Grand Theft Radar: Daddy's back, you glitches!

Car-killiing swingsets, two-way eyeballs and five more of Grand Theft Auto IV's most entertaining bugs

If you've been out to Francis International Airport in Dukes, you've probably seen the taxiing 747 on the runway - which apparently just taxis in circles, condemned to never be cleared for takeoff. It's also indestructible and completely unstoppable, which makes for an interesting bug if you confuse the game by driving directly into its landing gear and doing your best to get stuck under it.

Because the 747 can't roll over you or destroy your car, your ride will start to shudder violently as it tries to force its way out. Sometimes, it'll just squeeze itself between the plane's wheels and come out the other side, unharmed. Other times, you'll be mysteriously teleported onto one of the plane's wings, like we were here:

We've also heard reports that getting stuck under the plane's wheels can make you fall through the world, landing you either in the water underneath the airport, or in a glitchy "blue hell" that'll usually teleport you somewhere else in a few seconds. We weren't able to replicate that on video, but a few other enterprising players already have.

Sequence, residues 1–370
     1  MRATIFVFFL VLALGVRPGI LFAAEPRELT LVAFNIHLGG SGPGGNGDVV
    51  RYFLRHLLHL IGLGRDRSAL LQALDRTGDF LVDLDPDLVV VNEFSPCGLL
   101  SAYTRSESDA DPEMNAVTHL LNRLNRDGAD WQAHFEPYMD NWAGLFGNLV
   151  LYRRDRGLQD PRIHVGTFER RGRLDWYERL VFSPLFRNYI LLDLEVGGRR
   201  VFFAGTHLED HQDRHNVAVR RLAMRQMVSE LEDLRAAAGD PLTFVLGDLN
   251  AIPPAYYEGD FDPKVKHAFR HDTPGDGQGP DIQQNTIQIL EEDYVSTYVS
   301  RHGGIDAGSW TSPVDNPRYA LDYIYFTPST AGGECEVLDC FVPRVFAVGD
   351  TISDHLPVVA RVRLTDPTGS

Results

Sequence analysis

Of all the glitches in GTA IV, this one's the easiest to replicate, and most players have probably seen it at least once. But that doesn't make it any less horrific.

To see it for yourself, just make Niko stand in any corner, like so:

Now, rotate the camera around until it's bumping up against his face:

As Niko goes through his standing-around animations, you should see OH GOD WHAT THE HELL IS THAT

Weird bug, or subtle homage to The Blair Witch Project? You decide:

Worst of all, though, is that NIKO'S EYEBALLS ALSO LOOK INWARD AAAAUGH GROOOOOOSSS

And for some more Grand Theft Auto goodness, check out our GTA IV cheats page for codes and walkthroughs for all things GTA IV.

June 6, 2008

ABOUT THE AUTHOR

After graduating from college in 2000 with a BA in journalism, I worked for five years as a copy editor, page designer and videogame-review columnist at a couple of mid-sized newspapers you've never heard of. My column eventually got me a freelancing gig with GMR magazine, which folded a few months later. I was hired on full-time by GamesRadar in late 2005, and have since been paid actual money to write silly articles about lovable blobs.
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